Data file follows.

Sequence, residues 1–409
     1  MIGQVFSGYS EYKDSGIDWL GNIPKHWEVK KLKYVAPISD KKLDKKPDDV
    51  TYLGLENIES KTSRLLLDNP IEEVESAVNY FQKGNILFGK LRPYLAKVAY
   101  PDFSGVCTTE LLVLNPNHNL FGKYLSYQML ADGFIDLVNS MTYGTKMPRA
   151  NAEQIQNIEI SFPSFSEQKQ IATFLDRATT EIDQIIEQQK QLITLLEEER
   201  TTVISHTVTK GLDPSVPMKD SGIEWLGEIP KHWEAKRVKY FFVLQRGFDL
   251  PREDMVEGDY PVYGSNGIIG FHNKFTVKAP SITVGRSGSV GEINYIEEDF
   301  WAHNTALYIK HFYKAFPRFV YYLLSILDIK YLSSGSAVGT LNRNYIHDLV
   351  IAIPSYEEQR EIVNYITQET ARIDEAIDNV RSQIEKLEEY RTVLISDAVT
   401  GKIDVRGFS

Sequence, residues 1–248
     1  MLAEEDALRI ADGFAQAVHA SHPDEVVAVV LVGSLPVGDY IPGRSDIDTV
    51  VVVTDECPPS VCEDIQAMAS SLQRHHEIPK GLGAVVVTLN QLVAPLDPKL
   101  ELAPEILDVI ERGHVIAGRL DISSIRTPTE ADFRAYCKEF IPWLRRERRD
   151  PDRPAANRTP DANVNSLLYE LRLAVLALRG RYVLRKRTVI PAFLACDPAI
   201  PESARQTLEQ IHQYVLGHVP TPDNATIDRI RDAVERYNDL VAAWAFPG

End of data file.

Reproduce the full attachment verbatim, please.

Sequence, residues 1–409
     1  MIGQVFSGYS EYKDSGIDWL GNIPKHWEVK KLKYVAPISD KKLDKKPDDV
    51  TYLGLENIES KTSRLLLDNP IEEVESAVNY FQKGNILFGK LRPYLAKVAY
   101  PDFSGVCTTE LLVLNPNHNL FGKYLSYQML ADGFIDLVNS MTYGTKMPRA
   151  NAEQIQNIEI SFPSFSEQKQ IATFLDRATT EIDQIIEQQK QLITLLEEER
   201  TTVISHTVTK GLDPSVPMKD SGIEWLGEIP KHWEAKRVKY FFVLQRGFDL
   251  PREDMVEGDY PVYGSNGIIG FHNKFTVKAP SITVGRSGSV GEINYIEEDF
   301  WAHNTALYIK HFYKAFPRFV YYLLSILDIK YLSSGSAVGT LNRNYIHDLV
   351  IAIPSYEEQR EIVNYITQET ARIDEAIDNV RSQIEKLEEY RTVLISDAVT
   401  GKIDVRGFS

Sequence, residues 1–248
     1  MLAEEDALRI ADGFAQAVHA SHPDEVVAVV LVGSLPVGDY IPGRSDIDTV
    51  VVVTDECPPS VCEDIQAMAS SLQRHHEIPK GLGAVVVTLN QLVAPLDPKL
   101  ELAPEILDVI ERGHVIAGRL DISSIRTPTE ADFRAYCKEF IPWLRRERRD
   151  PDRPAANRTP DANVNSLLYE LRLAVLALRG RYVLRKRTVI PAFLACDPAI
   201  PESARQTLEQ IHQYVLGHVP TPDNATIDRI RDAVERYNDL VAAWAFPG